The sky on Mars is blown around by ultraviolet light as it travels across the red planet. The phenomenon is similar to the Earth’s aurora event, which lasts from sunset until midnight, and NASA created a new animation using data obtained from an engine aboard the MAVEN spacecraft. to demonstrate what it looks like to future astronauts in orbit. That is, that’s what they would have seen if it weren’t for the naked eye.
“Ultraviolet light comes mainly from an altitude of about 70 kilometers (about 40 miles), with its brightest point about a thousand kilometers (about 600 miles) above, and is as bright in ultraviolet as the northern lights of the Earth, ”Explains Zac Milby, a researcher at the University of Colorado̵7;s Space and Atmospheric Physics Laboratory (LASP).
Milby is one of several other LASP scientists to have published a recent study on ‘night light’ data in the journal JGR Space Physics. The team analyzed two-year valuable images of Mars taken by the Ultraviolet Spectrophotometer (IUVS) aboard the Mars’ Atmospheric and Volatile Evolution (MAVEN) mission spacecraft. Fire to detect ultraviolet radiation and wind behavior is reported. “The MAVEN spacecraft orbiting Mars has obtained a new kind of imaging data showing the effects of wind and waves on a global scale in the upper atmosphere,” said the Plain Language Summary of the detailed study.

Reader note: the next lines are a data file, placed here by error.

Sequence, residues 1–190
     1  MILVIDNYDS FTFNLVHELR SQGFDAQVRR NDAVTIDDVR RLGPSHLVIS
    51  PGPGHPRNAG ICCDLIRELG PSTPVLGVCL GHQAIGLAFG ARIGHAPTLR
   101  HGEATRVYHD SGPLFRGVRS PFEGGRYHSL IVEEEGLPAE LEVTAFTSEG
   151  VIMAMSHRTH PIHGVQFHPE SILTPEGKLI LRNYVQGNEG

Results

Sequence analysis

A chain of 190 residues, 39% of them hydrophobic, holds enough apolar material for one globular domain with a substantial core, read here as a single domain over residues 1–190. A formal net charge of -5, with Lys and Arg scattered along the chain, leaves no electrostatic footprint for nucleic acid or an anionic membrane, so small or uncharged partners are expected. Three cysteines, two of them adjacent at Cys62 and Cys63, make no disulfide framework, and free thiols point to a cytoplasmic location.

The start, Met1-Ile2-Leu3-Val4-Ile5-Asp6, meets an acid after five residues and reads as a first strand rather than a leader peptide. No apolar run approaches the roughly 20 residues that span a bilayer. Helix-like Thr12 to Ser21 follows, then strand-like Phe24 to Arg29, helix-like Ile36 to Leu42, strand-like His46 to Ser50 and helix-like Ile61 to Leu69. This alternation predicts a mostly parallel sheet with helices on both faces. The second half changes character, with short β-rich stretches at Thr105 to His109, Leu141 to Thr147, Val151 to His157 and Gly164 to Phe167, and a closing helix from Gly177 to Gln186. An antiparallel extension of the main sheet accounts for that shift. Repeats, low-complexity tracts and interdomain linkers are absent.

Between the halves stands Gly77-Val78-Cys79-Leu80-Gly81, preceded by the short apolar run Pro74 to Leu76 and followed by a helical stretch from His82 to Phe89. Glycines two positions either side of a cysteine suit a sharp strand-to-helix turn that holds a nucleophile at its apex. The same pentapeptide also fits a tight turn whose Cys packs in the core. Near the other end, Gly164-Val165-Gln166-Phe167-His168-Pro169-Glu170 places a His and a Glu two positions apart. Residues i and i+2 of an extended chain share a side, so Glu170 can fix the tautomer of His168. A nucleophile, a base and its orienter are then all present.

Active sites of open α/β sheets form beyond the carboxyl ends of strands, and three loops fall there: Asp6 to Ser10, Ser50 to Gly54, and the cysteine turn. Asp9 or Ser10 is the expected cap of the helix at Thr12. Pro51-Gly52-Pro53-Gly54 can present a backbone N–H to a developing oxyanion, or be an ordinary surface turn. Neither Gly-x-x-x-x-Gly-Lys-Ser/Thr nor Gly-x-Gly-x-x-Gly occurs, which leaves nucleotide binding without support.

With the mission to Mars in the short-term travel plans of both NASA and SpaceX, it is essential to learn as much as possible about the planet’s atmosphere. Preparing for both in-situ science and astronaut safety will need to incorporate ground conditions on Mars, so studies like these provide very important and relevant data. . The recent findings also prove the importance of international collaborative efforts in deep space exploration, particularly since MAVEN is not the first spacecraft to prove the existence of the phenomenon of ‘light’. morning and night ‘. Instead, the European Space Agency’s Mars Express orbit mission revealed it in 2003, leading the way for further tracking and research.
It may also be interesting to note that although astronauts on Mars may not be able to see the UV aurora type night light with their normal eyesight, the tools can be utilized to overcome those limitations. For example, we already have commercial UV cameras on Earth. There’s even an add-on to the UV camera smartphone that one can see being used on Mars to watch the glow show in a similar way to the augmented reality star finders on the market. school.
Of course, the more science-oriented UV camera will likely accompany any visitor to the planet, but it’s interesting to imagine what might be available to more types of travelers or even Colonists on Mars one day.
You can watch NASA’s animated video of the UV night wind on Mars below: